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By Matthew DeLuca and Andrew Blankstein

Apple has filed its final planned legal salvo before the federal government and the world’s most valuable company are due to face off in a California court over unlocking a killer's phone on March 22.

"The Justice Department and FBI are seeking an order from this court that would force Apple to create exactly the kind of operating system that Congress has thus far refused to require," lawyers for Apple wrote in the brief filed Tuesday in the U.S. District Court for the Central District of California.

"They are asking this court to resolve a policy and political issue that is dividing various agencies of the executive branch as well as Congress,' Apple's lawyers argue.

Read More: Apple Fights Order to Unlock San Bernardino Shooter's iPhone

Apple and the federal government have battled in a series of legal briefs that began when a judge said on Feb. 16 that Apple had to provide "reasonable technical assistance" in helping agents access an iPhone 5C used by Syed Farook, one of the shooters in the San Bernardino massacre.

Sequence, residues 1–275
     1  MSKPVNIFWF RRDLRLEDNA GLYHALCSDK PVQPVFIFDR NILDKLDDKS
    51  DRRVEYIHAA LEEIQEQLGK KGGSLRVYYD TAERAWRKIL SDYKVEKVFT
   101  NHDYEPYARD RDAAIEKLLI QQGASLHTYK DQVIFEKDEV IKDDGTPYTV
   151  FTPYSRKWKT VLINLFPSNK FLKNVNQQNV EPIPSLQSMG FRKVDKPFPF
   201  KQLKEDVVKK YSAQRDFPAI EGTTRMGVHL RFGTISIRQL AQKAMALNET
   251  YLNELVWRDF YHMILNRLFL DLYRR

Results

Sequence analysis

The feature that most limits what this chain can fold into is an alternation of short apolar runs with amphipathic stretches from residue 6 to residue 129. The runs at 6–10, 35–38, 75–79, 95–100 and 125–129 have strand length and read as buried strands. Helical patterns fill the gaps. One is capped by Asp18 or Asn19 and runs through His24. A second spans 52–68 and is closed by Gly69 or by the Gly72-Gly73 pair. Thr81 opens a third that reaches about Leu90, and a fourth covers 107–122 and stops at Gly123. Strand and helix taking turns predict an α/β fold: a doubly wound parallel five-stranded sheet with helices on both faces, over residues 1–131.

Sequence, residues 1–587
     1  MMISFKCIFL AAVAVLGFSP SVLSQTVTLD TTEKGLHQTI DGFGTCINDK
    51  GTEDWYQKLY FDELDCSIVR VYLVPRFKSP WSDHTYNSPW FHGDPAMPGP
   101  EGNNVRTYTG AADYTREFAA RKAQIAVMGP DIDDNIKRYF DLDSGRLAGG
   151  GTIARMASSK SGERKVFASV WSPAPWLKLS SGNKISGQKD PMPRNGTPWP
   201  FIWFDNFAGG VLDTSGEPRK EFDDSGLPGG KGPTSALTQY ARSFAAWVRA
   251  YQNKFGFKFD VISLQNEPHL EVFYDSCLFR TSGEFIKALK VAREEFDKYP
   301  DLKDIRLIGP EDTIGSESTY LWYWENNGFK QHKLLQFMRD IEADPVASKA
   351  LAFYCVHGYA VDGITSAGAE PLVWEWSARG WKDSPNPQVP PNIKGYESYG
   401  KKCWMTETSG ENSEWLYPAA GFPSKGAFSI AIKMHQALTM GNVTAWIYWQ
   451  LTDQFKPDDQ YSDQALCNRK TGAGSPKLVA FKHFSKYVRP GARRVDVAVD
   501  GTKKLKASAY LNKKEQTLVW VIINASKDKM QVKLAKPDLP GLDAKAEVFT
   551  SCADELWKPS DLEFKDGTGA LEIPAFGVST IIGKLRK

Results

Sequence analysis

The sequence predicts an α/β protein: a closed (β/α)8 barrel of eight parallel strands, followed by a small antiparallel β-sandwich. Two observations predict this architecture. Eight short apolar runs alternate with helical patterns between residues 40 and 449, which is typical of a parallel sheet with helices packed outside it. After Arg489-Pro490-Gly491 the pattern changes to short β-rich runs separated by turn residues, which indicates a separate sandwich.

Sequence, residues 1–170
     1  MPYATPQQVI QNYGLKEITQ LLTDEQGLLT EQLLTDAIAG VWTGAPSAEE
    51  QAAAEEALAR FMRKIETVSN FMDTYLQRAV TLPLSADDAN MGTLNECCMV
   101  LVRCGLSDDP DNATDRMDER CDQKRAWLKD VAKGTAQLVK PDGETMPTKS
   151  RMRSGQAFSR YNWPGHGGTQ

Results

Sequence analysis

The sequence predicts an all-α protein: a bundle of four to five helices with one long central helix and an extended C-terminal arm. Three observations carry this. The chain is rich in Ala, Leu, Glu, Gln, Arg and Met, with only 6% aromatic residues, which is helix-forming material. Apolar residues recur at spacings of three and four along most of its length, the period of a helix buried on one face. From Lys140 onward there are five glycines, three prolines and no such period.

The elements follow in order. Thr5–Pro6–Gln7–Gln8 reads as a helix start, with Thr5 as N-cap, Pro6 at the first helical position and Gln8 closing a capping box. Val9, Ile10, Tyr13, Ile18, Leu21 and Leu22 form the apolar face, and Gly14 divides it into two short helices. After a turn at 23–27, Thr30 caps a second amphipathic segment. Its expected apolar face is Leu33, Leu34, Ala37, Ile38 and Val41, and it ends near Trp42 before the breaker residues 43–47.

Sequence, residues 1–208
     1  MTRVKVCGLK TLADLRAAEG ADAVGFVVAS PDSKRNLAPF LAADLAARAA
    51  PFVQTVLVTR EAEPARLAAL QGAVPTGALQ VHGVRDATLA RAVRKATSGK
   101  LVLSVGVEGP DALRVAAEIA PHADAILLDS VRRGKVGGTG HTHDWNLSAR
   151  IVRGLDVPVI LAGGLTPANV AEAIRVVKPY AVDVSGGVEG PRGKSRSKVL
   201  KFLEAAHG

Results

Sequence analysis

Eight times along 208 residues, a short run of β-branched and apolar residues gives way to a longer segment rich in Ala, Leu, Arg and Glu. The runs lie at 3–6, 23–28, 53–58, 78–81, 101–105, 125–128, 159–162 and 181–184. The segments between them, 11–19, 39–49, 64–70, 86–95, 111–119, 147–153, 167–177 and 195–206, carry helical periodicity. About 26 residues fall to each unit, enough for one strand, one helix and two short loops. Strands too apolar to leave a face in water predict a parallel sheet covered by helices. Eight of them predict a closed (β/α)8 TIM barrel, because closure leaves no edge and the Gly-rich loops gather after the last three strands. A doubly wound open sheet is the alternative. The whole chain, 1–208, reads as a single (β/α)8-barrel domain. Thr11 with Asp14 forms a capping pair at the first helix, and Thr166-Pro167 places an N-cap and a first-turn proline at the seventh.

The company argues that the law the government has cited in its efforts to compel Apple’s assistance, the All Writs Act, does not apply in this case and that the government’s interpretation of the statute is overly broad.

"The Founders would be appalled," they said in the brief.

Apple has also argued that the specific help being requested by the government — that Apple build software that could be uploaded to the iPhone and that would bypass security features — would set a dangerous precedent, and that the tool itself could get into the hands of hackers, endangering millions of Apple devices.

"It has become crystal clear that this case is not about a 'modest' order and a 'single iPhone,'" Apple’s lawyers wrote in the brief filed on Tuesday.

Read More: DOJ Calls Apple Arguments 'Corrosive' in San Bernardino iPhone Case

The company also punched back at the idea, suggested by the government in earlier filings, that it was more interested in selling the security of its products than in helping investigators.

“This is a reckless and unfounded allegation. Since passcode-based encryption was first introduced in October 2014, Apple has produced 627 separate ads in the United States and approximately 1,793 ads worldwide,” Apple said in the brief.

“Not a single one advertised or promoted the ability of Apple’s software to block law enforcement requests for access to the contents of Apple devices.”